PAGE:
This piece made the rounds last week. In it, Katharine Zaleski apologized for the condescension and outright disdain she showed towards her coworkers who were working mothers. Her apology might have been more tolerable if it had come before she herself became a mother and realized that gee, it’s hard out there for working moms. Zaleski has seen the error of her ways and is co-founder of a company that seeks to match women with work-at-home tech jobs. Her piece rubbed me the wrong way because of her privilege that eased her decision to lean in or lean out. The majority of women don’t have C-level positions at start-ups coming their way. At the very least, I hope I wasn’t nearly the asshole she was to working moms in her office before I had kids. And really, that’s the crux of it. Was it really so difficult for her to attempt a modicum of empathy for those women? Was it really that impossible for her to think that maybe she might have kids someday and how would she like to be treated in the workplace?
One of the best responses to Zaleski’s piece was adamant in her refusal to accept the non-apology. Anne Born notes that being a working mom would have been more bearable if just one person had backed her up or spoken up as she received comments and side eyes doubting her work ethic. By not extending any support, no matter how small, women like Zaleski became just “one of the guys.” And Born is writing about what she experienced in 1997, a time not that long ago. She concludes:
I worked with too many women like you, Ms. Zaleski, who reinforced that I was just a lesser version of the other women I worked with who did not have such tedious family obligations. Working women are worth less enough already without your help – or your apologies.
Sometimes I think that with all the media coverage of “leaning in” and telecommuting, we think that it is easier to be a working mom than ever before. This topic has been on my mind a lot, especially since in NC, children missed almost 2 full weeks of school due to snow and sleet in February and for many working parents, that time must be made up or vacation used. Working from home is not permitted in all workplaces.
The truth is that it is still very hard to be a mom who works outside the home. It’s even more difficult if you need further accommodations. I think that there is a perception that daycare and programs like after-school care make it easy to work 8-5 if you are a working mother. That’s true if everything goes to plan, but what I and several other women I know have learned, it is as fragile as a house of cards.
- Think of the mother whose child qualifies for one of the few free preschool options available in NC. The problem is that while these preschools end when the school day ends, after-school care is not available for these students. The mother will need to leave work at 3:30 to transport her child to some other program so she is able to return to work in order to fulfill the hours she is expected to work. The logical answer would be to let her telecommute but sadly, her position classification makes that option unavailable. She also cannot take her lunch hour at that time because OSHA rules dictate that she take a break after 6 hours of work.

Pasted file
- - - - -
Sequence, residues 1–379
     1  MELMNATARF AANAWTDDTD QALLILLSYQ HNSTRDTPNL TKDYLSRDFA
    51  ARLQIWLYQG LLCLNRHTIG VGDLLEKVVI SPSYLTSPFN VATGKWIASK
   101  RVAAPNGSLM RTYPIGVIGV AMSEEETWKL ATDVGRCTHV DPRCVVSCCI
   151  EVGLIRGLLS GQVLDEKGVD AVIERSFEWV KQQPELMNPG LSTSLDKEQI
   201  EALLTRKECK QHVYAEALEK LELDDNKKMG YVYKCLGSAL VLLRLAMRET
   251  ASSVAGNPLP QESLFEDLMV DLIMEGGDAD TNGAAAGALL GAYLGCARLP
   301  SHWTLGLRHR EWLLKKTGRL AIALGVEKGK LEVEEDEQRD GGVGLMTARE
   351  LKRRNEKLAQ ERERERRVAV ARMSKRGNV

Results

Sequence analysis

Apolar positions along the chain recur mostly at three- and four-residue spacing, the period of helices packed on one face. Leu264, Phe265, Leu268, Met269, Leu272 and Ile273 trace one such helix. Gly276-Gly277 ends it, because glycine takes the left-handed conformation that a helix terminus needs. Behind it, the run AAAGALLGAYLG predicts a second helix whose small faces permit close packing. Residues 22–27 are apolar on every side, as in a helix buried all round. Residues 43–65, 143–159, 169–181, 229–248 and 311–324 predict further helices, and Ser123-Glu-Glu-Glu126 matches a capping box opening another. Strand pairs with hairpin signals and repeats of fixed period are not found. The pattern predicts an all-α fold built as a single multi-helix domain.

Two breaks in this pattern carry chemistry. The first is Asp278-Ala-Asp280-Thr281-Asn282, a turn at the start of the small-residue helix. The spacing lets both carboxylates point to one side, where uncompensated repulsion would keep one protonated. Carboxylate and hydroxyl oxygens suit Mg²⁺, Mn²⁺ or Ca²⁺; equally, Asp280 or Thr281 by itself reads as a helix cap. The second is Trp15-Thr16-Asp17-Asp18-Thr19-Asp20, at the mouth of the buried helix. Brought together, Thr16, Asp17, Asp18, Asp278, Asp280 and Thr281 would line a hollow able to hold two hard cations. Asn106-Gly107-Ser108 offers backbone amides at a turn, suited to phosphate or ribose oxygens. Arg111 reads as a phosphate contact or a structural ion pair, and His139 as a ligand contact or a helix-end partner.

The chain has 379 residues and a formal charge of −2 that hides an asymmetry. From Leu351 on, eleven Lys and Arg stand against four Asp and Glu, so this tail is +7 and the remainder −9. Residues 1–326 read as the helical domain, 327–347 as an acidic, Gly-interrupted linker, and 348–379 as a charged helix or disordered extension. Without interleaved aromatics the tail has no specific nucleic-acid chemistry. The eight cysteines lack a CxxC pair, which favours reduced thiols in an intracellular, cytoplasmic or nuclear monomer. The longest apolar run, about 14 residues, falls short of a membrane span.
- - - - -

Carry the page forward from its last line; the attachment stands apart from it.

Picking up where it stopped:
- After-school care is a godsend, but imagine if you are a mother whose child cannot cope in the school-sanctioned program. Maybe the child is acting out or just not coping well and on the verge of being expelled. Maybe the mother can hire a student to transport her child home and stay with the child until after work or maybe, if she’s lucky, she finds an alternative program that will pick up her child from school and take her to a program that is more suited to the child’s needs. While this mother will be relieved to find any option that works to keep her child safe and engaged while she fulfills her expected hours, these options cost money, likely more money than the school-sanctioned after-school program. These are also options that are likely more available in larger cities than smaller ones. What would be the answer for the mother who lives in a small town?
- Maybe your child is in a small school that is perfect for your child’s needs, and your child is thriving, but the after-school program goes only to 4 PM. Maybe in this case you have the ability to make up some of the missed hours, but you live in fear of a meeting being scheduled late afternoon and any hint that you might not be a dedicated employee who deserves the responsibility she has been given. You worry that coworkers view you as Zaleski viewed her coworkers who had children.
It is easy to say that these women should find other jobs that are more flexible, but the reality is that many workplaces are less flexible than you imagine. After all, even Yahoo rescinded its telecommuting policy. I work for the state and while there are drawbacks to being a state employee (flexibility being one), it has decent health insurance, paid time off and security. It is also one of the largest employers in my state. It isn’t that simple to go get a new job, especially when children are involved.
I applaud Zaleski for her epiphany (even if it is infuriatingly late for those women she worked with prior to having her own child) and her effort to make things better for working women through her new company. The problem is that her company will help only a small subset of working women: those with in-demand technical skills. What about the rest? What about the factory worker or hourly office worker who finds herself walking a tight rope of child care and praying that the few options that exist will work for her family? What about those women for whom telecommuting is not allowed? What about women who have children with special needs or needs that mainstream programs cannot support but who still need to or want to work?
We still have a lot of work to do to help mothers succeed in the workforce.